New House Paint on the Exterior

The biggest cosmetic change over the last two months is that we repaired and painted the exterior of the house. Here’s some of the painting-after photos (the color is deceptive – this is gray with a brown undertone):

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The house still had its original paint color of when we built it 18 years ago – a khaki green color. The trim around the windows was really suffering as well as two areas where squirrels had taken advantage of wood rot to gain access to the attic.

The house was WAYY overdue for a repair and paint job! In the photo below, the paint is still drying on the left (and why it looks uneven) while the painter repairs our chimney stack. Boy, I can’t believe he got it done in 12 hours with just one helper!

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We had discussed possible paint colors with a real estate agent years back and she had recommended gray.  The brick on our house is a red color (no orange-red) and had a gray/smoky black accent brick. As you can see from the photos we have a unique mortar – called “weeping mortar” – it is not a mistake and some people like it (like us) and some people don’t.

We went around to some neighborhoods that were a notch above ours and scoped out a bunch of houses with brick about the color of ours that had painted the wood gray. Definitely liked it! However, we preferred the darker grays, not the light colors.

One thing we did not like was the really light color trim around the windows and roof trim. The white trim with dark color would look better in a Cape Cod neighborhood and with a house with alot more wood showing. For example, this house has a large wood facade over the garage, so the two colors of paint work! I also love the shutters!

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However, this style just didn’t suit or house and we both thought it chopped up the line of the house too much. Our front house profile actually has far more brick than wood and could handle a darker color in order to make a statement.

Some people make out doing exterior house paint more complicated then it needs to be. Since we are reselling in three years, I just needed a nice neutral that showed off the brick of the house, and would be acceptable to a large number of shoppers. I didn’t need the exact right shade of gray out of 20 different test paints.

1.) Drive thru neighborhoods with similar styled houses and take note of paint colors. Take photos.

2.) I had collected paint colors through Pinterest and read various blog comments etc… that were attached to popular colors in the color family I planned on using.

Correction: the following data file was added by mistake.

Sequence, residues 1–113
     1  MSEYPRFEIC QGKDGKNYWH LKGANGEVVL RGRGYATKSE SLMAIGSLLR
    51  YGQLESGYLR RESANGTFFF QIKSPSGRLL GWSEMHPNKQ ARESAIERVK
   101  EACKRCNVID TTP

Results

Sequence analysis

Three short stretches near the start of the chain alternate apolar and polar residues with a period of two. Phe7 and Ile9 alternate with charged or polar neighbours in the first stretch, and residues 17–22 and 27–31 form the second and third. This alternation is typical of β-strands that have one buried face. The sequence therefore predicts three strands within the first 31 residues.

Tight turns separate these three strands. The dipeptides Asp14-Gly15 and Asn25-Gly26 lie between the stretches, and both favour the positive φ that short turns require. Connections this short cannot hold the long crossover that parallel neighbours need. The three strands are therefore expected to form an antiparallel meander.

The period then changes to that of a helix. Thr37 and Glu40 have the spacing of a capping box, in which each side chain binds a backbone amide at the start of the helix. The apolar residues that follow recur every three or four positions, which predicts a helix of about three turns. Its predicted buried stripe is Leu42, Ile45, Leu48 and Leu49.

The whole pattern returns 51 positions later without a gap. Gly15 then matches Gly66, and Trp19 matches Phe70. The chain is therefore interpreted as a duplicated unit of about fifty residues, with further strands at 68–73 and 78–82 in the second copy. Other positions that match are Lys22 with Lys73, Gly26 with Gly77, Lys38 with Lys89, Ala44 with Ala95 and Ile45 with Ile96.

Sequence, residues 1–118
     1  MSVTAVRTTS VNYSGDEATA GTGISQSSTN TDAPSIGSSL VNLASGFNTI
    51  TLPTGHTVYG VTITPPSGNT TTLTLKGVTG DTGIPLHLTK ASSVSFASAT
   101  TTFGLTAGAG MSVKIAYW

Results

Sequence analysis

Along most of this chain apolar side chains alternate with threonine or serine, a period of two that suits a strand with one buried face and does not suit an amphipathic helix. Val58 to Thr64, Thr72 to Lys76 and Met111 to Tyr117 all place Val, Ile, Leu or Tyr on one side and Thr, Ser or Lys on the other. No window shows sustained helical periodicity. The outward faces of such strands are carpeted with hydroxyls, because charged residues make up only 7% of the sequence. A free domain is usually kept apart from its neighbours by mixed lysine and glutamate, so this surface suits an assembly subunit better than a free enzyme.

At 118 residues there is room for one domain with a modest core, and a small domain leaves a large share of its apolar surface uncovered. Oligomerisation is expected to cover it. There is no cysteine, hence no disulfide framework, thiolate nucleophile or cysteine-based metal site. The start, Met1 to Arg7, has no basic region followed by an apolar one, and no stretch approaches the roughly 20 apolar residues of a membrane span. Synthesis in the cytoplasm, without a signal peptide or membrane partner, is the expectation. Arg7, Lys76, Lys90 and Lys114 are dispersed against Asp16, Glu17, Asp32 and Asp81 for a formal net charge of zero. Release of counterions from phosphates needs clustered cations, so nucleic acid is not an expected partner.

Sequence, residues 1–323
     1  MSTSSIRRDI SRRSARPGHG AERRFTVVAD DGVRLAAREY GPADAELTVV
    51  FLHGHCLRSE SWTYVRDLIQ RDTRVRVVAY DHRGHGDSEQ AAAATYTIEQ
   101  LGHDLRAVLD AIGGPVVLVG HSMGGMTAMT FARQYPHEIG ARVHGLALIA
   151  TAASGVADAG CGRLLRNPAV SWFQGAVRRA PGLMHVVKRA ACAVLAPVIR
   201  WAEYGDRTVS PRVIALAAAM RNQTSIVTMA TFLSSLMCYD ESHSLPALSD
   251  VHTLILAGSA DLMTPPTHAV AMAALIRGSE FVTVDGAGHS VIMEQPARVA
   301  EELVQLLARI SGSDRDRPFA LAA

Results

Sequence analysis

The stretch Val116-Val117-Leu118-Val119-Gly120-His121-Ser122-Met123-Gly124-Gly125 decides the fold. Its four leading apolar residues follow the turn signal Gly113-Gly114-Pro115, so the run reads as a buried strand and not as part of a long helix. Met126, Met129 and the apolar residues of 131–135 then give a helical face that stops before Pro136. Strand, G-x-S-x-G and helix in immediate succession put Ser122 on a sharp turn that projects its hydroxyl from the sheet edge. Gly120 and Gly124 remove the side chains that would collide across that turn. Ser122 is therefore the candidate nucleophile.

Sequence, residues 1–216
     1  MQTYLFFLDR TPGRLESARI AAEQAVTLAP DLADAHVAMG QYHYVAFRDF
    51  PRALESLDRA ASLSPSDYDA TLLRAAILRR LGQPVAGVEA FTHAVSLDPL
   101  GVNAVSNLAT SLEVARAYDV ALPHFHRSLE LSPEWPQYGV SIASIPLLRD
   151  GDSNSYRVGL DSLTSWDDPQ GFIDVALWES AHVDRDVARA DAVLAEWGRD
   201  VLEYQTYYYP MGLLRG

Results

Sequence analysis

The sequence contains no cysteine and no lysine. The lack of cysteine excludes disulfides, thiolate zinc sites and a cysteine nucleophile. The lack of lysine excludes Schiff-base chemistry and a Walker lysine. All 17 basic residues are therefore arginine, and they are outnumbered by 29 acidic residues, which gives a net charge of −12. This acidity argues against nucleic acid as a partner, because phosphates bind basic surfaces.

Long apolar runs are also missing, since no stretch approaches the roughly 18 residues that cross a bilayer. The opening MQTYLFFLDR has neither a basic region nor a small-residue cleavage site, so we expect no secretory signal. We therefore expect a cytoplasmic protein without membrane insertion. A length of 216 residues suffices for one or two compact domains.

3.) Get some test paint samples and put on the house. Make sure the test paint is put on in a big enough area you can see it from a distance. Look at it in different lights and keep it up for a few days. See what you think.

4.) If not happy, go back to the paint store. Painting a house is a huge undertaking and expensive. Better to invest in some more test quarts than tell the painter to stop in the middle of the job!

5.) Paint!

Going darker, which we ended up doing, was taking our paint a little out of the comfort zone of many of the houses in our neighborhood. About 80 percent or more still sporting the same light taupe colors the builder had put on over two decades ago! We felt it was worth the risk as more expensive houses had gone darker in tone, and we wanted to stand out but not too much.

Our Painter uses Sherwin Williams so we tried two shades on the front entrance (French Gray was the lighter) and we decided on the darker color, 7019 Gauntlet Gray (the painter chose a Satin finish which I LOVE!). With the needed repairs, this was a $2,000 job for a professional house painter (someone we saw do a house in our neighborhood and who really impressed us with the work they did).

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I’ll get more photos once the sun comes back out. The brick color in the bottom before photo is more accurate. The top after photo was taken in really strong sunlight so the color is a bit off. New photos will be coming soon.

This is just the beginning of the house exterior redo – we plan on putting up shutters and doing a hardware accent on the garage, as well as new landscaping. However, after the big expenses we have had, I’m going back to smaller projects inside the house.